TITLE

Case-based fMRI analysis after cognitive rehabilitation in MS: a novel approach

AUTHOR(S)
Hubacher, Martina; Kappos, Ludwig; Weier, Katrin; Stöcklin, Markus; Opwis, Klaus; Penner, Iris-Katharina
PUB. DATE
April 2015
SOURCE
Frontiers in Neurology;Apr2015, Vol. 6, p1
SOURCE TYPE
Academic Journal
DOC. TYPE
Article
ABSTRACT
Background: Cognitive decline in multiple sclerosis (MS) negatively impacts patients' everyday functioning and quality of life. Since symptomatic pharmacological treatment is not yet available alternative treatment strategies such as cognitive rehabilitation are of particular interest. Objectives: To analyse the ways in which MS patients respond to cognitive training, by combining behavioral and fMRI data in a case-based triangulation approach. Methods: Ten relapsing-remitting (RR) MS patients aged between 39 and 58 years and between 1 and 8 years post MS diagnosis were included. EDSS ranged from 1 to 3.5. Participants had normal to high intelligence levels. Six patients were assigned to the training group (TG) and four to the control group (CG) without intervention. The TG received a 4- week computerized working memory (WM) training, consisting of 16 training sessions of 45 min duration each. Before and after the training a neuropsychological examination and fMRI investigation by using an N-back task of different complexity was applied. Results: Patients in the TG responded differently to cognitive training. Four participants did not meet the triangulation criteria for being treatment responders.The two responders showed two distinct changes regarding activation patterns after training: (I) decreased brain activation associated with increased processing speed and (II) increased brain activation associated with higher processing speed andWM performance. Conclusion: The occurrence of different and opposed response patterns after the same training indicates a risk in applying classical group statistics. Different and especially opposed patterns within the same sample may distort results of classical statistical comparisons. Thus, underlying processes may not be discovered and lead to misinterpretation of results.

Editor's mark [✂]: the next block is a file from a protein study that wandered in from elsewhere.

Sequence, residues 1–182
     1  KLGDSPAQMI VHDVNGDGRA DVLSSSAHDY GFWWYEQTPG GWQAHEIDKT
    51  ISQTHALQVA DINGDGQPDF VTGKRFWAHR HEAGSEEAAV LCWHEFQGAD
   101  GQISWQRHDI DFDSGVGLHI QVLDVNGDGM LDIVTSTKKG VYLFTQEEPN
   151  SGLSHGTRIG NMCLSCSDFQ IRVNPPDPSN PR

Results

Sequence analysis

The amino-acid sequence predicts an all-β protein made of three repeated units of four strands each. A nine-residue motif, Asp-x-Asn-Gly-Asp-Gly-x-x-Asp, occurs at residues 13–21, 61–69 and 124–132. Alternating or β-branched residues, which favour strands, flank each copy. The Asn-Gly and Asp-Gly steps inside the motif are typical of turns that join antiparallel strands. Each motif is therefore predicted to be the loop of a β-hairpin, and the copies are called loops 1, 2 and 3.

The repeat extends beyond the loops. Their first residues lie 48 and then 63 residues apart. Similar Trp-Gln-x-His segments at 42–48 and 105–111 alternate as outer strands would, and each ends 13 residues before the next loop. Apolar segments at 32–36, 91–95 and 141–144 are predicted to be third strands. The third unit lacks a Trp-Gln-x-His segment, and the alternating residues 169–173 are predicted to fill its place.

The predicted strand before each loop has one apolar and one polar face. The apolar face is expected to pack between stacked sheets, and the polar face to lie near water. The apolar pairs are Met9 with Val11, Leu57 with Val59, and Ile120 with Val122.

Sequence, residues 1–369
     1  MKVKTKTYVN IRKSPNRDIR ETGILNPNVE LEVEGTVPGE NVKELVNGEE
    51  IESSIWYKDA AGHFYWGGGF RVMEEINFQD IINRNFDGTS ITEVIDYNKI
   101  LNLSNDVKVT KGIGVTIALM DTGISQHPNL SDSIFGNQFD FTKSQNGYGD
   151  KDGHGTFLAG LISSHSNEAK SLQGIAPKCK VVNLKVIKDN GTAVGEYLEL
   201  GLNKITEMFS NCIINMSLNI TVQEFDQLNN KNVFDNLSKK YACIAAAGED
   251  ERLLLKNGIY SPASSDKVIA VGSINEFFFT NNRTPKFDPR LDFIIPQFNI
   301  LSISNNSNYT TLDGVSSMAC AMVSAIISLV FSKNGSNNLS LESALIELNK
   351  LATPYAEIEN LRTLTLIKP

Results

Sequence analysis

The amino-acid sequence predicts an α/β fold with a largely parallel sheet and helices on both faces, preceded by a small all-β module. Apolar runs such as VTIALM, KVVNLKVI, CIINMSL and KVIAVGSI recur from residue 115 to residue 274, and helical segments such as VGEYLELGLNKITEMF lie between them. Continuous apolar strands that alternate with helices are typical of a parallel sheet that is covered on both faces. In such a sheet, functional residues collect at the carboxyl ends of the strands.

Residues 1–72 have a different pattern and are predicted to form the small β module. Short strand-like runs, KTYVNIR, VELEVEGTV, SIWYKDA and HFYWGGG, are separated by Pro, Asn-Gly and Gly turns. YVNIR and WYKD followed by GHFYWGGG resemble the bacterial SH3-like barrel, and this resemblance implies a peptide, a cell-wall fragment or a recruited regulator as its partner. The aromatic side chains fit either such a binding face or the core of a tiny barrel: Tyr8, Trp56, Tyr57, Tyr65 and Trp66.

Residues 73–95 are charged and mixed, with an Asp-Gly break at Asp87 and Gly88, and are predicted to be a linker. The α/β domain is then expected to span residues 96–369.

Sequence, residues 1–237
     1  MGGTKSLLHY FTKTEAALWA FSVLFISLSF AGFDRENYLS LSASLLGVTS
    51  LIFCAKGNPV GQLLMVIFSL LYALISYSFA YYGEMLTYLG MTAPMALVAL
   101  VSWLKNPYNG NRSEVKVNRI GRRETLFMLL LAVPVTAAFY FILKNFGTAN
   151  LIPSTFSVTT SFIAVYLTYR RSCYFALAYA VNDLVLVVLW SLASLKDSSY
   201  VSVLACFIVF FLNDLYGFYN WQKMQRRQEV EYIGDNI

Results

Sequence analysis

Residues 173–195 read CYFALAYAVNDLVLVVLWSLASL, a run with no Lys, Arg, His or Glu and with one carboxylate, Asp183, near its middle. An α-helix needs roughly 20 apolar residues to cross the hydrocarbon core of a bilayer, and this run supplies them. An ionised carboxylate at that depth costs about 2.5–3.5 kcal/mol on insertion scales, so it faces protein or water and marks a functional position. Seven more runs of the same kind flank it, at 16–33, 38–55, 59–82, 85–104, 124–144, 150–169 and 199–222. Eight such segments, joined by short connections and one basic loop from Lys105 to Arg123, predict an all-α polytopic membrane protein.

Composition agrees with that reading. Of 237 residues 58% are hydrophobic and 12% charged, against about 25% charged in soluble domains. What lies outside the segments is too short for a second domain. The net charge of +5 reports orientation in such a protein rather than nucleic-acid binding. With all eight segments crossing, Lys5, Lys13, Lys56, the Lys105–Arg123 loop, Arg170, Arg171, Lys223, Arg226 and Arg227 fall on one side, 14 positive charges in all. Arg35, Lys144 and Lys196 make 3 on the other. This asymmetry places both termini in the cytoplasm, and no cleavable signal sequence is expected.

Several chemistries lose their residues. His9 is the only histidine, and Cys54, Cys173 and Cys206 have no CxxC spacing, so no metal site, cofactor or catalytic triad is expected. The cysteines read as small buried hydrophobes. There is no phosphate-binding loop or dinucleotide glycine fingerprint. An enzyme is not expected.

ACCESSION #
109290545

 

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